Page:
• ||

    lol.

    But how free are we when our the feds allow this.

    http://motherjones.com/mojo/20.....ems-yearly

  • ||

    What is the correlation between a low score (i.e. most free) and F'n cold winter weather. Look at the top 4, only Indiana lies in what I'd think of as a moderate winter climate and it still gets Lake Effects storms in the northern half.

    Then again, look at Alaska, who would'a thought. If you'd asked me where the BIG chill would rank, I would have thought top quartile. Guess that's why I'm not doing research.

  • CE||

    Or they just came up with a formula to justify the Free State Project vote that picked New Hampshire (#1) over Wyoming (#21), Montana (#29), Alaska (#44) and six other states.

    Montana is way too low in the rankings, which casts a lot of doubt on their methodology.

  • Zuo||

    I found the lowness of MT ...surprising as well. Same w/ WY actually. And AK. But AK dominates for personal freedom; it got low score because 25% are on the public payroll. I didn't look at their reasoning for WY and MT.

  • Popular Girl||

    You mean opinions shouldn't count as science? Huh.

  • Zuo||

    No they shouldnt. It was my (mistaken) OPINION that MT was more free than it actually is. Fortunately, unlike a certain dumb bitch who tries to convince people shes never met that she's well liked, I can modify my OPINION when I am gifted with FACTS. Fancy that. Pwned, skank.

  • Ecolibertarian||

    The scoop on Montana:

    "Montana has a reputation for being a relatively free place. However, this reputation is not generally justified. Alcohol distribution is highly state controlled at both the wholesale and retail levels. Marijuana sentencing is extremely harsh. Health-insurance coverage mandates are somewhat excessive, including mandatory direct access to specialists. Occupational licensing is much more prevalent than average. Asset-forfeiture abuse is rampant, and eminentdomain reform has been anemic. Arrests for victimless crimes other than drugs are high. Cigarette taxes are rather high, and the state has universal smoking bans. Corporate PAC contributions to candidates and parties are prohibited."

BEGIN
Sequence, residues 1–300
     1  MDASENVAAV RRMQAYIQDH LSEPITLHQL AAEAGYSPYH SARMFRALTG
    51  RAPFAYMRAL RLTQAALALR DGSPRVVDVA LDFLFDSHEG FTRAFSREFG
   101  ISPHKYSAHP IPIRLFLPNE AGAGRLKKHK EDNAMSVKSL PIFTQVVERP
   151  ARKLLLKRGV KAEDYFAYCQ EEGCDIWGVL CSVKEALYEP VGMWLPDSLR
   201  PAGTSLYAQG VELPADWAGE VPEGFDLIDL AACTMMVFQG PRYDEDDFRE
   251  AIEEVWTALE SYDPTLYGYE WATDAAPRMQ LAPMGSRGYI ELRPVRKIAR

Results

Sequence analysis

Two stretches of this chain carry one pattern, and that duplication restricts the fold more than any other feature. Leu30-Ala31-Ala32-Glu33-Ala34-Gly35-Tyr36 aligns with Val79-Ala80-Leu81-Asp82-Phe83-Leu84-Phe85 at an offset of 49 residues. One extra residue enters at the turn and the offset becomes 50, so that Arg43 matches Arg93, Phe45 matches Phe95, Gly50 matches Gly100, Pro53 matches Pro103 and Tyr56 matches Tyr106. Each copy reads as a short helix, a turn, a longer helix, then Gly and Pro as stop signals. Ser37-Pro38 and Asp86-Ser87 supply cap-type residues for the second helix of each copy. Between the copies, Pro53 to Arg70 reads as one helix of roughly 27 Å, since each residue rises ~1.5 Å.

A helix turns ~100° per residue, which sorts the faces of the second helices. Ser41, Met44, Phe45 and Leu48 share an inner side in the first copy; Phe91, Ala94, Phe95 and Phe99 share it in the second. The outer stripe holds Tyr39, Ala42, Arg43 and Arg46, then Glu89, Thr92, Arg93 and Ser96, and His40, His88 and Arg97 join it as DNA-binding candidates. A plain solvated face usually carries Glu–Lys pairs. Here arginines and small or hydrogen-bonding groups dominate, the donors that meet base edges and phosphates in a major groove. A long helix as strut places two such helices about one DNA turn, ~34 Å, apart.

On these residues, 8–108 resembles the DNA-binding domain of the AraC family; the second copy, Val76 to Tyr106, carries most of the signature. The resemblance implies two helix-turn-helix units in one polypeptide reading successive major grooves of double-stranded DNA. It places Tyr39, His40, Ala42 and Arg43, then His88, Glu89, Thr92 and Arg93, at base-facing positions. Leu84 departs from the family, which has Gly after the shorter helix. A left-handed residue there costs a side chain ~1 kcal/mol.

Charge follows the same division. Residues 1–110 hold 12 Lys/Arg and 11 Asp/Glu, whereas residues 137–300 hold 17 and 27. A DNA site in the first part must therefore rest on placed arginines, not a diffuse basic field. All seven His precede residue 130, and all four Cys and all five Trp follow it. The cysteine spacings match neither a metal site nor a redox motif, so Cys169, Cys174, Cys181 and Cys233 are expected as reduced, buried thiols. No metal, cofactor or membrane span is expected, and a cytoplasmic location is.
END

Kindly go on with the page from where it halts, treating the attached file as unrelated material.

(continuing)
• Devil's Advocate||

    Yeah, Montana is not great when it comes to eminent domain. They just passed a law that grants utility companies the right to use eminent domain to condemn properties for the placement of transmission lines that do not serve any Montana customers. Not exactly a "public use" as far as Montanans are concerned. They explicitly authorized big companies to pull a Kelo on farmers and other landowners.

  • GSL||

    Yup, number 48 is about right. Though it's hard to imagine California wouldn't be #50 with a bullet if the authors had taken our environmental policies into account.

  • GSL||

    I also really liked playing with the calculator on the Mercatus website. The rankings seem to be very sensitive to changes in the options they provide. So, if you live in a middle-of-the-pack state, small changes in its policies are likely to move it up the line quickly.

  • Cliché Bandit||

    give me a 'C'!
    give me an 'O'!
    What does that spell for a lazy commenter?

    'C-O-L-O-R-A-D-O'!

    WOOOO!!!

    Home of Gaults Gulch by the way.

  • Brett L||

    Galt's Gulch.

  • Zuo||

    Also the Libertarian Party (TM).

  • Robert||